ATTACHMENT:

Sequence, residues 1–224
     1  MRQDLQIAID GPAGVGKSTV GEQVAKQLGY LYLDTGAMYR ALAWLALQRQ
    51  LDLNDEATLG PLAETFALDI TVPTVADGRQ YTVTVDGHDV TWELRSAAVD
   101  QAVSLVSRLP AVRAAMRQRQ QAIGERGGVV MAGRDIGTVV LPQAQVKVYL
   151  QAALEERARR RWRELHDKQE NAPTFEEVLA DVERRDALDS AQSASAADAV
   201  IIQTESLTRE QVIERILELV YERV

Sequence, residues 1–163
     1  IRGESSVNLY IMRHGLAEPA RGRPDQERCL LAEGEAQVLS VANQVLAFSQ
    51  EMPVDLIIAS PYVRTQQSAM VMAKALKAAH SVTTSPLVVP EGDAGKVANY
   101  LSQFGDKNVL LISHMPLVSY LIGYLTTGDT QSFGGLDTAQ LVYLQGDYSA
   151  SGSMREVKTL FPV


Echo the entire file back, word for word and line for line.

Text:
Sequence, residues 1–224
     1  MRQDLQIAID GPAGVGKSTV GEQVAKQLGY LYLDTGAMYR ALAWLALQRQ
    51  LDLNDEATLG PLAETFALDI TVPTVADGRQ YTVTVDGHDV TWELRSAAVD
   101  QAVSLVSRLP AVRAAMRQRQ QAIGERGGVV MAGRDIGTVV LPQAQVKVYL
   151  QAALEERARR RWRELHDKQE NAPTFEEVLA DVERRDALDS AQSASAADAV
   201  IIQTESLTRE QVIERILELV YERV

Sequence, residues 1–163
     1  IRGESSVNLY IMRHGLAEPA RGRPDQERCL LAEGEAQVLS VANQVLAFSQ
    51  EMPVDLIIAS PYVRTQQSAM VMAKALKAAH SVTTSPLVVP EGDAGKVANY
   101  LSQFGDKNVL LISHMPLVSY LIGYLTTGDT QSFGGLDTAQ LVYLQGDYSA
   151  SGSMREVKTL FPV